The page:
• I think DH will be beneficial once I get the hang of it and get a chance to use it. I actually had a little bit of HTML experience before taking this class, and it has proven helpful outside of this class. I can’t remember the specific, but I remember making a minor adjustment to something I was working on. I couldn’t figure out why it wasn’t…[Read more]

  • I really like your take on problems. I’ve been around people who have called problems “opportunities” before, and that had sort of seemed like just a nice way of saying “Your world is falling apart, so I’m going to spin this so you won’t freak out.” It makes sense, though, that discussing the problems with DH gives legitimacy to the field. People…[Read more]

  • Here’s the link to the clip Cassie is talking about:

  • That is a great question, Cassie, if I might chime in. At this point, I think access is considered more important. Sarah mentioned in her post about the lack of availability of many documents, especially the earlier ones. To keep these numbers from continuing to plummet, we must come up with a way to preserve them for future generations.…[Read more]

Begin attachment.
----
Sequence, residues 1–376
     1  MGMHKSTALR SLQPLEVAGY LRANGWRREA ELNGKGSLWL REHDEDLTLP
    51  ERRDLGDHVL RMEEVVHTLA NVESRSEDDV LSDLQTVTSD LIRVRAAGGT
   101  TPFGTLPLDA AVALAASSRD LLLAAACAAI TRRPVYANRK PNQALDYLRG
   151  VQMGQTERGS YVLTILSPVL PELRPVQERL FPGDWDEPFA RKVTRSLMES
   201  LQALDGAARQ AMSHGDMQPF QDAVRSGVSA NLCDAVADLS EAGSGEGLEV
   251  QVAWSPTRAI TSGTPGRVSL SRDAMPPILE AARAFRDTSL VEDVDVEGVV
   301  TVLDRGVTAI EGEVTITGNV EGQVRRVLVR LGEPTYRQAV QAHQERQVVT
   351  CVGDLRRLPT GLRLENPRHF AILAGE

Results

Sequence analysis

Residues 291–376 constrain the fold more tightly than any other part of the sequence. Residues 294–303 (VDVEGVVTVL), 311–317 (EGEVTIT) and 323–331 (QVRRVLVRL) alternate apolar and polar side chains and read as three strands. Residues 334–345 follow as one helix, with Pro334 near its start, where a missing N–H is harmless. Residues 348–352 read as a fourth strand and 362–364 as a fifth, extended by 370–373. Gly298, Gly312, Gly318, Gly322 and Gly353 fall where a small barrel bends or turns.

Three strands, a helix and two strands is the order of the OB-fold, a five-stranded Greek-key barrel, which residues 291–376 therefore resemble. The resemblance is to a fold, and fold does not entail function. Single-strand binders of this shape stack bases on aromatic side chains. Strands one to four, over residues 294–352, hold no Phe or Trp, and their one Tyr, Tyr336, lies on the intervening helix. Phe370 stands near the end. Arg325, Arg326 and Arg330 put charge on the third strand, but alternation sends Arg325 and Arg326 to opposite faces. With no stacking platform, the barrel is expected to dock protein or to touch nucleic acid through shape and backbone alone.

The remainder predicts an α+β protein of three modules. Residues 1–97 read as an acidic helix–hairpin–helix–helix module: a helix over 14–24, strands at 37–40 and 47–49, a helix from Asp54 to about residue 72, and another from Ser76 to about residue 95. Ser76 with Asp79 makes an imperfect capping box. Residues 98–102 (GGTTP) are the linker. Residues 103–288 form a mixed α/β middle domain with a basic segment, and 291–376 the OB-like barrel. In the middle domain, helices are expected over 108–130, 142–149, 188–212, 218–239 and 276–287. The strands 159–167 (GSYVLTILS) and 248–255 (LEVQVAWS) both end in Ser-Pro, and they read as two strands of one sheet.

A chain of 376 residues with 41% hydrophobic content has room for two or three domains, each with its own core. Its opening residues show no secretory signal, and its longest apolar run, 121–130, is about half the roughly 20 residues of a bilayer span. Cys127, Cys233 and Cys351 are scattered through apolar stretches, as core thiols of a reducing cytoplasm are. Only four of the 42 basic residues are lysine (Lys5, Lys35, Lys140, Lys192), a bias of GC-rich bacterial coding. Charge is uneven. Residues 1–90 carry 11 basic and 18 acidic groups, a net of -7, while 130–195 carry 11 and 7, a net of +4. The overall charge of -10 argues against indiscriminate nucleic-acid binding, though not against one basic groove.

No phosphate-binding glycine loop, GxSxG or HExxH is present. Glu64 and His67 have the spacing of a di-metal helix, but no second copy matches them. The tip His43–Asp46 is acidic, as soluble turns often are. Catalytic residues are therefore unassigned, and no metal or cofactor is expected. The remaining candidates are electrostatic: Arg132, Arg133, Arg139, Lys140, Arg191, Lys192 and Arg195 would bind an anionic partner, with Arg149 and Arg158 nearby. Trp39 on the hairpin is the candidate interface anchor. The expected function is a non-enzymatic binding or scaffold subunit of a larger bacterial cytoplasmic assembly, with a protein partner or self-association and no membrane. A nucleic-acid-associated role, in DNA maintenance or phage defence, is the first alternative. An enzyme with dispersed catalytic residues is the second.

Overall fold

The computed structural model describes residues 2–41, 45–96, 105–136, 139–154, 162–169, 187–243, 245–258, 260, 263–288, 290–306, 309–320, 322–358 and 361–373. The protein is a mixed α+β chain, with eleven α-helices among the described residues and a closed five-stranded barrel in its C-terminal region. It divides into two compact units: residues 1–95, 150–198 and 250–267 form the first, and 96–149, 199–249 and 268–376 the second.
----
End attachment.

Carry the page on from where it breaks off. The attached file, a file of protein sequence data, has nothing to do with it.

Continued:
• I like your telescope analogy. I think an important take-away from the book is there are just some things the human mind cannot handle. We can’t read every piece of literature written in the time period of our expertise, no matter how much we want to. Macroanalysis is a tool that can be used to help us see deeper and wider than we can physically…[Read more]

  • Wow, I had no idea stuff like this was out there. Then again, as tech-savvy as kids are becoming, I am not entirely surprised. The other day I watched my fifteen month old niece swipe her finger across her mom’s iphone so she could pick a video from Kidtube.

  • I am a crafting snob. There was a time in the not so distant past that I highly prized hand embroidery above all else. True, it took me several hours to complete even the smallest project, but I believed it was […]

    • I like the way you explain how microanalysis and close reading work together to formulate a “what” and “why.” It was really hard for me to remember how Jockers said macroanalysis isn’t the only step in the analysis of literature as I read throughout the book. You did a great job explaining how and why they must work in harmony.